One thing that interests Tang is the way in which, he contends, Wang Guangyi turns revolutionary history into a cultural identity that contrasts with the “remote and tranquil aesthetic tradition” that most Westerners expect (167). As with Chapter 3, which made me wonder if Tang himself is completely convinced that the four films about headstrong women should be grouped together as expressing a persistently socialist vision, here Tang also hedges his bets, pointing out that despite his proclaimed desire to resuscitate socialist culture, Wang Guangyi also has argued that the art market, with its big money, is a good thing. Tang ultimately discounts this declaration, however, instead stating that Wang is fighting the commodification of art. His comment about Western expectations takes a hard-nosed turn in Chapter 5, which is on how not to read a Chinese blockbuster, i.e. as a typical Westerner. Here he repeatedly and passionately criticizes the refusal of Americans to move past stereotypes about China, commenting that “class after class of American college students have viewed Chinese films as course assignments,” apparently not with any critical or informed perspective, but rather learning to accept what they see as the real China (176). While most of Tang’s critique is aimed at the general well-educated public, as the classroom example suggests, he also includes China and film specialists among the duped. First and foremost, they have been brainwashed by the dissidence hypothesis, which repeats Cold War mentalities by valorizing anti-government artists such as Ai Weiwei or films banned in China. Thus Americans are not interested in Chinese blockbusters, especially those with government support, since they regard these films as merely propaganda or entertainment. Once again supporting his contentions with work from film scholar Yingjin Zhang, who chides Western audiences for seeking only their own fantasies in Chinese film, Tang aims to demystify those fantasies and force us to rethink our viewing habits. His raw material for this deconstruction is The Founding of a Nation (Huang Jianxin, 2009), which features some 170 stars and was released on the sixtieth anniversary of the People’s Republic. Tang’s language becomes mocking in this chapter, as he blasts “trigger-happy Cold Warriors patrolling the blogosphere” (181); condemns “Miss Lee,” a Taiwanese editor working in Beijing, who agonizes over whether she should see The Founding of a Nation or Final Destination 4, which Tang contends will “be less demanding, more vacuous, and therefore more reassuring to her sense of self” (183); and comments that “the greatest abomination to the vaunted universalization of Western liberal democracy, of course, has been China” (184). Proclaiming that Americans find China to be “odious”—a word repeated more than once—Tang sets The Founding of a Nation against Independence Day (Roland Emmerich, 1996) which, he implies, is uncritically lauded in the US. This is strange, however, since a simple Google search will turn up plenty of critique focusing on the film’s thin plot, cardboard characters, cheesiness, and excessive patriotism. From the New York Times to Times Magazine to (in the Conclusion) a hapless reviewer of the woodcut exhibition Tang curated, nobody gets it right: as he moves on to documentaries, he hopes to “help Western viewers to develop a mental bifocal, a way of seeing Chinese documentaries in dialogical relation to other visual and cinematic images that form the context or environment of those documentaries” (203). Tang quotes Orville Schell, “a veteran China expert,” to show that he is on the right track: “’China is veritably humming with energy, money, plans, leadership, and forward motion, while the West seems paralyzed’” (206).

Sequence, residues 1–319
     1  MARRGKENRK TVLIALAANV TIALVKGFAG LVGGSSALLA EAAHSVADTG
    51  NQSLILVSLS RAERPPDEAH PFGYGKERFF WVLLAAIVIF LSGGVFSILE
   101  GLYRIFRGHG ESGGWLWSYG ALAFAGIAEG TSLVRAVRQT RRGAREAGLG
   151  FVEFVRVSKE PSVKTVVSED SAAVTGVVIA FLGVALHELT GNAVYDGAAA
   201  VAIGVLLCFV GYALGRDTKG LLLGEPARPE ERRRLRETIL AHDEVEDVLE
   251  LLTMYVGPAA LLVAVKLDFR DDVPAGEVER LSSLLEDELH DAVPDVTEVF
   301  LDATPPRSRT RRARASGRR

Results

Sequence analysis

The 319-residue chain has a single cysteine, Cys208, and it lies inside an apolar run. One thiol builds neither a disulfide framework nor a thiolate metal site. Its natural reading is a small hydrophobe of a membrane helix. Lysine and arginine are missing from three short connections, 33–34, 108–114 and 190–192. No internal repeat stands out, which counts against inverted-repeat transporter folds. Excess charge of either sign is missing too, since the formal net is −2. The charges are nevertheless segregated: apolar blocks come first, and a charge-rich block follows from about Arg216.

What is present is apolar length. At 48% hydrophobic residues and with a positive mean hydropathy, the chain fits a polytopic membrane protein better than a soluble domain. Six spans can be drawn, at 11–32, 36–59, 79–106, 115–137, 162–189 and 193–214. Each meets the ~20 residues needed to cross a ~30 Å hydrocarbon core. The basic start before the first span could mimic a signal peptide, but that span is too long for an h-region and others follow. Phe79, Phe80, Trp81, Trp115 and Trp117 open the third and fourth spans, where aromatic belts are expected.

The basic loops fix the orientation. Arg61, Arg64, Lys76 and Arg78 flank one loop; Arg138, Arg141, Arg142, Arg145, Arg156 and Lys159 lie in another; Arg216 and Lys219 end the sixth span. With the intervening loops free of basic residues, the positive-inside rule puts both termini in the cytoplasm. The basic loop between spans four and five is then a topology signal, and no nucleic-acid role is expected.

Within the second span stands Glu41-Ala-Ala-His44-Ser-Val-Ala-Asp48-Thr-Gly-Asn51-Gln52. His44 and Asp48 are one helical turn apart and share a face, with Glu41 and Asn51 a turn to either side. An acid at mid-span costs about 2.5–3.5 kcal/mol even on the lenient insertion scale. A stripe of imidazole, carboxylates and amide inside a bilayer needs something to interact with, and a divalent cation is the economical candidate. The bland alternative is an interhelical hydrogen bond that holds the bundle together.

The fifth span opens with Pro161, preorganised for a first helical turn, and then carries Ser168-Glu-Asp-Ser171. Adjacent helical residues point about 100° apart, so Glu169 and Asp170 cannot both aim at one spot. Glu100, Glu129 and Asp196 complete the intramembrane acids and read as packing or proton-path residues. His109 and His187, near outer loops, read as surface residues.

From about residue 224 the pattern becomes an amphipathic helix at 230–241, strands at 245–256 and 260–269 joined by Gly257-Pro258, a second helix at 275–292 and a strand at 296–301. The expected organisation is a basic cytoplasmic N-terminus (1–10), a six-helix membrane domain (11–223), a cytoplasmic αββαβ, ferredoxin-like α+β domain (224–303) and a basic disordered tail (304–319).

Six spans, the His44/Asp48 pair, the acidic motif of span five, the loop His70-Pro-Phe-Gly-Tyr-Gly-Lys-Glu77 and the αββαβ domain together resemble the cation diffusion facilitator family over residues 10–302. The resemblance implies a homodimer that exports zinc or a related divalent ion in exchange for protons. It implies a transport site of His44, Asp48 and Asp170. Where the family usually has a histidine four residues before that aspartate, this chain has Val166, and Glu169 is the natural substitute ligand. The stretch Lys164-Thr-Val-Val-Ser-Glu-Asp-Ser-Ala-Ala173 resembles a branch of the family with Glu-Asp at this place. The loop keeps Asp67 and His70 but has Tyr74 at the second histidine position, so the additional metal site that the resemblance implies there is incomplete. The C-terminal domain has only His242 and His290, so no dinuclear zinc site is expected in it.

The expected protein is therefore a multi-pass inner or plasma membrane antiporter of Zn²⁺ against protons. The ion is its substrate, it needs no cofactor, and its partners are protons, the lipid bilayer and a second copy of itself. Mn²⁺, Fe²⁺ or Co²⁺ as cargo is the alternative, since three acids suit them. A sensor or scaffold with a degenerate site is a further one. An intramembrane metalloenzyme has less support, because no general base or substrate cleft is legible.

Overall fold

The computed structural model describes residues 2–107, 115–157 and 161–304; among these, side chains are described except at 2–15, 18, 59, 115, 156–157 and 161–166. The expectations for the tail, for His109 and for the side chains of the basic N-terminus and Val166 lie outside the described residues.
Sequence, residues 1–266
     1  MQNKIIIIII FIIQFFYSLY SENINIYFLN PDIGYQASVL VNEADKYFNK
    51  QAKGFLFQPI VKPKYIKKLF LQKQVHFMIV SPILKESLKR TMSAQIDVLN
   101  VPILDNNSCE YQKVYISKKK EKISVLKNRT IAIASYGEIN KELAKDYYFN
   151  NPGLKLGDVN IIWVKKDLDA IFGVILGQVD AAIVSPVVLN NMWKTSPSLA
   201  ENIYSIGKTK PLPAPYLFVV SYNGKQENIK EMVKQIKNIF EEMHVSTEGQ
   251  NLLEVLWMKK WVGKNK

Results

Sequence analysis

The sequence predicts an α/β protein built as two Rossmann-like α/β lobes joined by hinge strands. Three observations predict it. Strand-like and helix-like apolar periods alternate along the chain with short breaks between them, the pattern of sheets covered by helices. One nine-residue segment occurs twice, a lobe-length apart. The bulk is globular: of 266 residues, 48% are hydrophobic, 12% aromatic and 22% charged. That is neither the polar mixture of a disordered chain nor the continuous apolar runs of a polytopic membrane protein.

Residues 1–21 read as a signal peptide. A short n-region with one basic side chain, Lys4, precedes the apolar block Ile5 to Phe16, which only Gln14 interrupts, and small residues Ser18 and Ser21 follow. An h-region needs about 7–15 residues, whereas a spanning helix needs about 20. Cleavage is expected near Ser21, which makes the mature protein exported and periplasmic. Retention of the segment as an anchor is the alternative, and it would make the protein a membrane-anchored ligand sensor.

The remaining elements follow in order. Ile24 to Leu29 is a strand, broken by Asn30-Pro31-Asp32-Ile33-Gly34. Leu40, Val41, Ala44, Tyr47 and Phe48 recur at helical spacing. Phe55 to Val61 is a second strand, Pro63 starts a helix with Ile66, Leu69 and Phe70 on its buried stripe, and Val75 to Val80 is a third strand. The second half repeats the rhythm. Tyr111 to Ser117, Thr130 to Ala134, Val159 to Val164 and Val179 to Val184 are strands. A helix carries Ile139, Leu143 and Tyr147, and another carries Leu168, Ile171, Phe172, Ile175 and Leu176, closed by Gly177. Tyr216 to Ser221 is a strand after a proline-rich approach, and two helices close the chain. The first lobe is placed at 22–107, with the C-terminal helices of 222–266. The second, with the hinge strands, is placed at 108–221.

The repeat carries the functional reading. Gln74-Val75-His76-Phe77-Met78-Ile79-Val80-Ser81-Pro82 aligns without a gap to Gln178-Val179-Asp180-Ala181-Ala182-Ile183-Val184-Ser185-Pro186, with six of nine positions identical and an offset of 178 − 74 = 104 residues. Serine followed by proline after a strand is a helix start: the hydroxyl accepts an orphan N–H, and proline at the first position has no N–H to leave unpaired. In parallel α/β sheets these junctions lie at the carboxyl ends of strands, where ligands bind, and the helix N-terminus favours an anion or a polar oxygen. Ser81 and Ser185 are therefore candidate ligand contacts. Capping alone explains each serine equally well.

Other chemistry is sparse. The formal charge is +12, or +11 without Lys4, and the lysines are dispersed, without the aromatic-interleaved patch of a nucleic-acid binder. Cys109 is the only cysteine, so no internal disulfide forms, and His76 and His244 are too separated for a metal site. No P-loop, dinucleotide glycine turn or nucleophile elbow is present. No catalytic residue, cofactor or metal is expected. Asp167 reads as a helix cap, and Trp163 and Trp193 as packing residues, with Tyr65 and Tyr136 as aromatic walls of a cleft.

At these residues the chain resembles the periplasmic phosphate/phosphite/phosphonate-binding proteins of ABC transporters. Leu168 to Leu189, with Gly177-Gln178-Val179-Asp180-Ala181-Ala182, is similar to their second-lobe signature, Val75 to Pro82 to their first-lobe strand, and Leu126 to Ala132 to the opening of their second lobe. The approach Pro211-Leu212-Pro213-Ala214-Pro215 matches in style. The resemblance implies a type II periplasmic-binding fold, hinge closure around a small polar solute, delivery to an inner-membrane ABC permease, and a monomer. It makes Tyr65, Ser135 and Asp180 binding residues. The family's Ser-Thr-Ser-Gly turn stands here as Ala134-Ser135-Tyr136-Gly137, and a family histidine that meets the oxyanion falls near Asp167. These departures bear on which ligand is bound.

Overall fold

Chapter 6 and the Conclusion expand Tang’s critique of the “gratifying narrative” of dissidence (212). But for the moment, I will postpone further discussion of Western failure, and move on to the topic of how printmaking was revived. The debate circled around the question of whether prints, which are reproducible, can be considered authentic fine art, and if so, does that status endanger printmaking’s socialist orientation toward the masses. As what was once considered a truly revolutionary and democratic art form, does printmaking betray its principles if it submits to the consumer art market? According to Zhong Changqing, printmaking should retain and expand its connection with contemporary culture and reality—in other words, value its revolutionary heritage—rather than plunge heedlessly into the art market. Other critics, such as Gao Tianmin and Chen Qi, tried to explain the downward slope of printmaking, faulting printmakers for their agreement to the domination of art by politics and society, their obsession with technicality, and their rejection of new aesthetic concepts. Tang introduces three printmaking artists, Liu Qingyuan, He Kun, and Chen Qi. Whereas Liu’s black-and-white aesthetic renews the avant-garde aesthetic of the early twentieth century, again claiming pride of place for a public vision, He Kun, a star of the Yunnan School, cultivates a distinct cultural vision with regional characteristics. He Kun won prizes in China before turning his attention to the UK and working in collaboration with the Puer city government to create an artist’s village. Tang comments that “He Kun’s ambition has been to turn his artists’ village into a vacation complex that will include a five-star hotel, a golf course, a lake circled with bike paths, and a world-class printmaking studio” (239). Chen Qi is famous for his complex techniques in water printing, with his 2009 work 1963 gaining fame with nine shades of water-based black ink on ninety-six paper-covered plywood panels. While some see an unwelcome refined literati sensibility in his work, others find an appealing contemporary version of a Chinese philosophical aesthetic.